Who are we?

We are: Sribuaban Witthaya Kom School,  a community school on the mighty Mekong River in North Eastern Thailand (Isaan).

Our school is people.

 Wai Kruu Day

An annual formal ceremony where students show traditional respect to their teachers. A day enjoyed by Thai students. This celebration occurs on the second Thursday of June.




We are in a part of Thailand with a history of civilisation dating back to ~100 CE (640 BE)* and some think that it may have been one of the earlier areas of civilisation along the middle Mekong. The ancient empire of Funan may well have been our first nation.

Our heritage is varied: Chinese, Lao(Dao), Tai(Dai), Vietnamese, Khmer and well represented are a number of "indigenous minorities" and we are all Thai Nationals.We share a common culture and we celebrate the diversity of each other's original cultures.  We have foods, liquor, costume, music and dance unique to each group and our various handicrafts are quite distinctive for many of the groups. These handicrafts range from woven fabric, woven grasses, stone work, metal work and art.

Our school is a secondary school with classes from matium one to matium six, this is equivalent to western classes from the 7th year to the 12th year. We are taught by 30 teachers and we number 00 students, boys and girls.

Isaan literally means the North East. Traditionally we have spoken our own dialect which was a variant of the Lao language. This is because in past history our region was in the old kingdom(s) of Lao. In this generation the Lao language is being quickly replaced. Some would say sadly.

Our main food tends to be that associated with the Lao cuisine. There is not as much use of coconut cream well-known in the central Thai cooking but our food is delicious also. We eat a lot of glutinous rice and vegetables, some meat and fish from the river and fish farms. We enjoy our barbecued food very much and we like our food spicy, flavoured with chillie and garlic. In the west people traditionally use condiments like pepper and salt to add to the food on their plate. We tend to use a wet condiment called "naam phrik" or "jaio " to use the Lao word and this can be anyone of 300 different types. All naam phrik is spicy and salty. It is a different way of adding the final flavour to food.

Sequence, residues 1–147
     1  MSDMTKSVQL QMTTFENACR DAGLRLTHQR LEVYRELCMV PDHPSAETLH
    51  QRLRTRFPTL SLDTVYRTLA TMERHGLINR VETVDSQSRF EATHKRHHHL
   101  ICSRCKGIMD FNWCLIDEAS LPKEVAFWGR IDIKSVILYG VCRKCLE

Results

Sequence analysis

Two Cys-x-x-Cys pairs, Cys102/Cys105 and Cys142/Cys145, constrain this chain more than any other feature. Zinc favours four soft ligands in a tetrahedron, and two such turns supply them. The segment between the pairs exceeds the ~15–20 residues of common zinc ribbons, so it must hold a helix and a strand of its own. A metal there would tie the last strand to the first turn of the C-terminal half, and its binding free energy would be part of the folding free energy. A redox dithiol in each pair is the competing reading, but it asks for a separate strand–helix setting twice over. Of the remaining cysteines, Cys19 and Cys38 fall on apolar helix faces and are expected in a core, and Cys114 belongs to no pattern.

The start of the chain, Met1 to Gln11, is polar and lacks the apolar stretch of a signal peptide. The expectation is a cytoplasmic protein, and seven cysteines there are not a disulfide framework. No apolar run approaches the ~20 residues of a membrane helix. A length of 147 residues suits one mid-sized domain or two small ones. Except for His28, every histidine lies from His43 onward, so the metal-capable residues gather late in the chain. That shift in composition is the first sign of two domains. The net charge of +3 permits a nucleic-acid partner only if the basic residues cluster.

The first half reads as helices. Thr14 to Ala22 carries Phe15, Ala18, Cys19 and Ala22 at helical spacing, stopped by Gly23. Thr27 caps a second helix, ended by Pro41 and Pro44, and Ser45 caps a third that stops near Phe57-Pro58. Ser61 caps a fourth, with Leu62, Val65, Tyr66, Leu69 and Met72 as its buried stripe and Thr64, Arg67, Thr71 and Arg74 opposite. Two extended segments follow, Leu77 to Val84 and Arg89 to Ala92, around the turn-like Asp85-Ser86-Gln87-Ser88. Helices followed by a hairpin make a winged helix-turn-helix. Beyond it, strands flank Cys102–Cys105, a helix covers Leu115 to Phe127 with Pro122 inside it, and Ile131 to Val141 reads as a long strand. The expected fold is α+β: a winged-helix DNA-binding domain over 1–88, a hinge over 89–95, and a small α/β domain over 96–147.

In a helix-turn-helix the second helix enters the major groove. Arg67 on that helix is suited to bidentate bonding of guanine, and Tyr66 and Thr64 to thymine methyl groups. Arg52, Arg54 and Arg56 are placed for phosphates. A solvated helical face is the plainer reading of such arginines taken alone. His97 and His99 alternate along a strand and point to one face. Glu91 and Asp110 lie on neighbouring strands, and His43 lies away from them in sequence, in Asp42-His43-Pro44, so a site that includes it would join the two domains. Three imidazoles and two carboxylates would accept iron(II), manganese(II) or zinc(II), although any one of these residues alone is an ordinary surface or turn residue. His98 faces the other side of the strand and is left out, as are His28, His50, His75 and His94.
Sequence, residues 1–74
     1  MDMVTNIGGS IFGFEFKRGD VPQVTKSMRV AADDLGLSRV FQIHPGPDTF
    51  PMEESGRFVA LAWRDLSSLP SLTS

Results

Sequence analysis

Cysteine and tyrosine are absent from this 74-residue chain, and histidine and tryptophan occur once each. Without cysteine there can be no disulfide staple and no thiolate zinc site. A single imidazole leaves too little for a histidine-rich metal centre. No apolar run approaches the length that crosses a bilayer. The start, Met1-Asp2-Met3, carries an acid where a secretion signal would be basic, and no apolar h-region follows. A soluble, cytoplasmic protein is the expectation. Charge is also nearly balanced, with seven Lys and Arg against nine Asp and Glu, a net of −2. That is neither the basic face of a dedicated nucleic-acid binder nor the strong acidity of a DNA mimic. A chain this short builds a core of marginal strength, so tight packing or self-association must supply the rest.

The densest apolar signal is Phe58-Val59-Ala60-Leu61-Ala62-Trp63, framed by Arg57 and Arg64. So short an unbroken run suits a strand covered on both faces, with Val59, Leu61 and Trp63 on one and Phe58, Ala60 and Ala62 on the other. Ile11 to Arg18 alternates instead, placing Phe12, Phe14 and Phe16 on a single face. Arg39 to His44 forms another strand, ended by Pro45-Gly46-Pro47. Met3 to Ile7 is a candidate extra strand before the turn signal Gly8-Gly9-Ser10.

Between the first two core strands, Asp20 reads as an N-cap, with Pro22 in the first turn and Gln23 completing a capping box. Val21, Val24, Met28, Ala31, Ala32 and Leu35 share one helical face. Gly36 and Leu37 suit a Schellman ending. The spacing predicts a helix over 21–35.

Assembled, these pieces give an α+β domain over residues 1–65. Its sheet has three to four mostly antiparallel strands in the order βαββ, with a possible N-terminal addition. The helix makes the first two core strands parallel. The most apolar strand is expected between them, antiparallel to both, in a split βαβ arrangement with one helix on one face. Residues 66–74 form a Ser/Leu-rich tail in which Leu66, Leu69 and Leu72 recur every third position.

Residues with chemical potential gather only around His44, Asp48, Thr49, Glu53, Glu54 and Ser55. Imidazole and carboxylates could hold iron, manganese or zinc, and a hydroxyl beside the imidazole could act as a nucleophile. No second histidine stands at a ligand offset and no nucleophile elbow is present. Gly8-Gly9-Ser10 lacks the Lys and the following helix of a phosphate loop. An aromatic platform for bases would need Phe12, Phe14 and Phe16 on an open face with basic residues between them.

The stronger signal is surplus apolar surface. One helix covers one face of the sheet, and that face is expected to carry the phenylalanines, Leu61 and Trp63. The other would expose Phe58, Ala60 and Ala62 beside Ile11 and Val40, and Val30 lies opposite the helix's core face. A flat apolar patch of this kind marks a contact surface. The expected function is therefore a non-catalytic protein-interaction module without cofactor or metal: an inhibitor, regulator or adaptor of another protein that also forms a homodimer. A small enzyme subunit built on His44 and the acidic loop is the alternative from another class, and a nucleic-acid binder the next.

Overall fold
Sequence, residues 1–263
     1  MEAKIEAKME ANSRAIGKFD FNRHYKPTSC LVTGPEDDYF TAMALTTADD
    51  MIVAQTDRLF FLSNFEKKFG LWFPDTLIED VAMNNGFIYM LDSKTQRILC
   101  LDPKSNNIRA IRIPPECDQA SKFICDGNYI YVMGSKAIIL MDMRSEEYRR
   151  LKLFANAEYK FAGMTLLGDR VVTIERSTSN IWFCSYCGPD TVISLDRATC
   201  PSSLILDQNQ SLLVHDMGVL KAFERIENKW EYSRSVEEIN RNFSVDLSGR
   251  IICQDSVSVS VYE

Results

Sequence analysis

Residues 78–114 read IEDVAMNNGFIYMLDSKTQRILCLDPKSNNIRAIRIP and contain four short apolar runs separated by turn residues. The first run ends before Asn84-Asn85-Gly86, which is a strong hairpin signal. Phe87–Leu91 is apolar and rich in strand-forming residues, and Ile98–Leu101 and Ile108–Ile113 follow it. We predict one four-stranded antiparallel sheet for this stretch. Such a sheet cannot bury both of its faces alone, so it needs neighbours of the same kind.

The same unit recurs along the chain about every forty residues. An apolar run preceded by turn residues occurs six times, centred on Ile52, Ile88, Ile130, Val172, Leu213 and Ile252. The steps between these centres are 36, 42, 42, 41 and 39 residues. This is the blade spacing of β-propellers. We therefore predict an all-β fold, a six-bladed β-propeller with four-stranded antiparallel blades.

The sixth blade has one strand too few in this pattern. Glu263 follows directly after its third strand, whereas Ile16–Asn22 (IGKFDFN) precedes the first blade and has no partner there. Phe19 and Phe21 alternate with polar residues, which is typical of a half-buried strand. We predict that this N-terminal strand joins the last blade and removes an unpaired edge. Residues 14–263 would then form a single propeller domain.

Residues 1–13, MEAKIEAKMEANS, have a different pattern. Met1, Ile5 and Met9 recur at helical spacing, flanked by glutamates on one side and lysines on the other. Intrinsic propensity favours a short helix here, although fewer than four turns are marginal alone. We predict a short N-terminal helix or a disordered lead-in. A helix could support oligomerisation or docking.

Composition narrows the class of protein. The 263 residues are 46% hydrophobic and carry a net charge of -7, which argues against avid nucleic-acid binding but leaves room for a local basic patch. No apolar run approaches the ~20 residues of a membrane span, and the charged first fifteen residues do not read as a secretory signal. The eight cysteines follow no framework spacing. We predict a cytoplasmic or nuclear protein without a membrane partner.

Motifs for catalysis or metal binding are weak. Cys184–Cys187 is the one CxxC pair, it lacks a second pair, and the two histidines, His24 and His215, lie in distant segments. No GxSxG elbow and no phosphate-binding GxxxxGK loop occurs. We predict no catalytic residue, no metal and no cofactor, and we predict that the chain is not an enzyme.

Every Isaan person enjoys Laap which is a Lao original food (maybe even Khmer) and today is seen as a signature dish for Isaan and Laos. This can be based on vegetable or meat or fish. The meat and fish kinds can be raw and then they are called Tiger Laap, not so common and more popular with our grandparents for special occassions. Laap typically can be minced meat that is cooked quickly but completely in an open pot. It is then mixed with chillie, lime juice, fish sauce and dry roasted rice powder. It is served with fresh green vegetables and sticky-rice and traditionally eaten with the fingers. If you come to Isaan it is a dish you must try but please tell your cook not to make it too spicy! Many westerners can enjoy a half a chillie in their plate of Laap but Isaan people have been seen to eat 10 or even 20 chillies in their Laap!

Isaan people enjoy family, music, singing and dancing very much. It makes us happy and relaxed with our friends. We sing a lot and dance traditional dances a lot. We also enjoy pop music often performing variations of traditional dance with this kind of music. It works well and everyone gets involved. We try to celebrate festivals as often as we can and have parties the rest of the time :) Our cultural identity is very familiar to all and easily defined by all Isaan people. Many Isaan people will answer the question where are you from with "I am Lao". This doesn't mean they are Lao nationals it means they are ethnic Lao and Thai nationals and very proud of their nationality and cultural heritage.

Sribuaban is a rural community near the city of Nakhon Panom. We are at a rural-urban interface and familiar with much of the urban world. Our nearby city of Nakhon Panom is developed and modern. We are very familiar with most western peoples as there are many tourists and many Thai-Falang marriages here and in fact all over Thailand, but we are very shy. Falang is a friendly term used to identify white europeans. It comes from an old Lao word meaning potato or guava and sounded to the ears of our ancestors like the word for "France", the country of origin of the first western people seen in this part of the world.


*The Buddhist Era (BE) precedes the Christian Era (CE) by 543 years. So as an example the CE year 2009 would be 2552 BE

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